Tuesday, January 16, 2018
What to value above all else
A friend posted the above pic on Facebook. It rings true, doesn't it? How many times have you had similar conversations with people? MANY, I bet. Success, it feels at times, is measured by what we have, not how we feel.
I've always known that being happy is worth far more than owning stuff. My parents taught me this. They were the happiest couple I know, and they had what they needed, nothing more. I don't remember growing up wanting for anything, and yet our lifestyle back then was simple. My Dad worked with his hands in various jobs, driving cranes mostly. Mum stayed home with us. Our house had two bedrooms and one bathroom. Holidays were spent driving to various locations in Western Australia with our caravan in tow.
I had the BEST childhood.
Back in late October last year I attended my 30 Year High School Reunion. Funnily enough, I had never been to a school reunion before then. I had no interest. I figured everyone I wanted to see from my high school days, I saw, and I imagined reunions to be where people would do their best comparison checking. Who has the best job? Who has the best house? Who was the most 'successful'?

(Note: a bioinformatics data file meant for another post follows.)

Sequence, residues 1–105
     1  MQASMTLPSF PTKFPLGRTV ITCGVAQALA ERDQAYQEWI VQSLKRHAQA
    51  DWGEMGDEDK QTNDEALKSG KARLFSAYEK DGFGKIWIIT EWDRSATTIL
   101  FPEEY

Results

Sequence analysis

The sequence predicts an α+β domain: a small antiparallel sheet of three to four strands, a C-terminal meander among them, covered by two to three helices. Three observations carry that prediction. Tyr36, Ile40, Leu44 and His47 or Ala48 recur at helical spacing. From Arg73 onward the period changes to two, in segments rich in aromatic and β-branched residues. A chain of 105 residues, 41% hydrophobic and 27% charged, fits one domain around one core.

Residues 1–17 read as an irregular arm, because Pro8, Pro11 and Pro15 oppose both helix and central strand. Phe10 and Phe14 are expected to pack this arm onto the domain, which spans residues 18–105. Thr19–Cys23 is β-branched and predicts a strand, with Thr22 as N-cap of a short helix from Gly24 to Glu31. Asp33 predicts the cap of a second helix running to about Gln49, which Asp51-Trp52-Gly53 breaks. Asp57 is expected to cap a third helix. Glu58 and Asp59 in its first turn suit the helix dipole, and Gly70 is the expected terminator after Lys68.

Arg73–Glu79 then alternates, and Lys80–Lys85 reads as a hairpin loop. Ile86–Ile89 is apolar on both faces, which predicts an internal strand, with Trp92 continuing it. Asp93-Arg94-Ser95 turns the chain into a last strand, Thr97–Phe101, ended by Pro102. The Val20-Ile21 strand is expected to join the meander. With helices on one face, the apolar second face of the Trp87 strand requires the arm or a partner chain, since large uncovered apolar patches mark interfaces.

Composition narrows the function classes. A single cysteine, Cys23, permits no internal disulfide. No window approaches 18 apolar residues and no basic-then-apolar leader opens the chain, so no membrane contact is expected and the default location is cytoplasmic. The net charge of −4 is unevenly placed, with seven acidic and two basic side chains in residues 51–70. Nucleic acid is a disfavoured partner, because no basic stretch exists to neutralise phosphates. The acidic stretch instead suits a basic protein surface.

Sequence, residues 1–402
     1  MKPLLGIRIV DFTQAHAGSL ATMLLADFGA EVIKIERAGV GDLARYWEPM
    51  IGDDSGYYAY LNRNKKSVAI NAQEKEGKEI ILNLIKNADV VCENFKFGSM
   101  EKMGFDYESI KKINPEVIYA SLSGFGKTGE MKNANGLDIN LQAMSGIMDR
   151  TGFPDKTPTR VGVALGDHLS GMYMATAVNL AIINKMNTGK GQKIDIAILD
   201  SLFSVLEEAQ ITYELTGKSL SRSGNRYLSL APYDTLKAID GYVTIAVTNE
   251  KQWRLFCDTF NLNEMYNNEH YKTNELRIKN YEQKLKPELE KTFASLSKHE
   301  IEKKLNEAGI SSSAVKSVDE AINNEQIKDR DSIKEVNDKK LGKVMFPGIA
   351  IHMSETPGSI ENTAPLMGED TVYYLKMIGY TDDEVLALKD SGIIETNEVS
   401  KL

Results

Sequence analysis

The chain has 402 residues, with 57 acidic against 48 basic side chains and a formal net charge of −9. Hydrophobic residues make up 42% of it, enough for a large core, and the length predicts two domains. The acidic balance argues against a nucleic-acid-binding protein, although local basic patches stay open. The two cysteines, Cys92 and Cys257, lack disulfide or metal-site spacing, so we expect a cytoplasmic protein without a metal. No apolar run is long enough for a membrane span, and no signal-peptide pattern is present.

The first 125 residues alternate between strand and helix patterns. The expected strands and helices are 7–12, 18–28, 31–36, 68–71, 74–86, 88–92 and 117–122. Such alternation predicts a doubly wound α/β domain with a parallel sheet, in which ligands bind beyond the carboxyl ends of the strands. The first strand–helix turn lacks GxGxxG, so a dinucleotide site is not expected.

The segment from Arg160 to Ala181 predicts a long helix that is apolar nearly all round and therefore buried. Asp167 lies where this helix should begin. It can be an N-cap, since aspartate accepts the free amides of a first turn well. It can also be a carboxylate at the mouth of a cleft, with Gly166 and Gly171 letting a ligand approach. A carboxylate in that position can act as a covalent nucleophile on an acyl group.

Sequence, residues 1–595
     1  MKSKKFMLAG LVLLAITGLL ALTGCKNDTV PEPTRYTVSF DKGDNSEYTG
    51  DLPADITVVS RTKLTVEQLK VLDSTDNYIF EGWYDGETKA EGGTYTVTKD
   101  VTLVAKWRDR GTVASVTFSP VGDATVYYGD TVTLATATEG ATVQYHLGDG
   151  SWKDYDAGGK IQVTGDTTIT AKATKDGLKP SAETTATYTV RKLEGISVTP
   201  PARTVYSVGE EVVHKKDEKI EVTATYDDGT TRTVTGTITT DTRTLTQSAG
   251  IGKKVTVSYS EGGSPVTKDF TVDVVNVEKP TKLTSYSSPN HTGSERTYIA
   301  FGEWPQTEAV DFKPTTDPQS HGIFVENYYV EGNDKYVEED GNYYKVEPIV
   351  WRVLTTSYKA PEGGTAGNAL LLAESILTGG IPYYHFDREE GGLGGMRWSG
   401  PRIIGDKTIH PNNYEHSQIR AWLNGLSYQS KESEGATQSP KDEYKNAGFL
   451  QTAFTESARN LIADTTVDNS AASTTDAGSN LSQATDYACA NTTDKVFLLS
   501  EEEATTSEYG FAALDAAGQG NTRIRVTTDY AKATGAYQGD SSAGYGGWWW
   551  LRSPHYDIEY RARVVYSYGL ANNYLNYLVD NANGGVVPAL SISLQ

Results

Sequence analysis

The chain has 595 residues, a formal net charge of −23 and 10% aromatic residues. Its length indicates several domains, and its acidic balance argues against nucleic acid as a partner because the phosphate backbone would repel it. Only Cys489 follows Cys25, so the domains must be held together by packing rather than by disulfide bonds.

However during a trip back to Perth at the end of 2016, I asked my friend, Penny, if she was going to organise our 30th, seeing that she'd coordinated all the previous reunions? She said, 'If you promise to come, Jode, I'll organise one.' I bit the bullet and promised her I would.
I'm not sure why exactly I changed my mind about attending a reunion, I just did. Perhaps it had something to do with my parents' deaths in recent years? I've spent a lot of time since Dad died in 2013 thinking about my childhood and earlier years. I guess that's a pretty standard thing to do. I felt my time with the few old high school friends I caught up regularly with had changed over the years. We had become more and more about just having fun and relishing in each other's company. Not that we hadn't had fun before, it just felt as though we cherished our old friendships more, you know?
So I booked my ticket and I flew to Perth for the reunion. I remember saying to Mr A before I left, 'It'll probably be all over by 10pm.'
WRONG. I can't tell you how good the night was! Someone said it was midnight, and I was practically like Elaine in Seinfeld ... 'GET. OUT!' Much to the dismay of the hotel staff, we finished up well after 1am.
I don't recall a single conversation about who had what job and how many kids everyone had. Well, there was maybe a tiny bit of that, but essentially we just enjoyed each other's company. Everyone seemed to be genuinely concerned about how people were doing. In fact, Penny said it was the highest attended reunion of them all to date. Why? Because I think we've all gone past valuing stuff and now we value happiness, and we want to spend time with people who made/make us happy. (We were lucky - we had a pretty good cohort in '87!)
The older you get, the more you realise that happiness is far more important than what car you drive or what clothes you wear. I doubt anyone is on their death bed saying, 'Gee, I really wish I'd bought that Gucci t-shirt I always wanted.'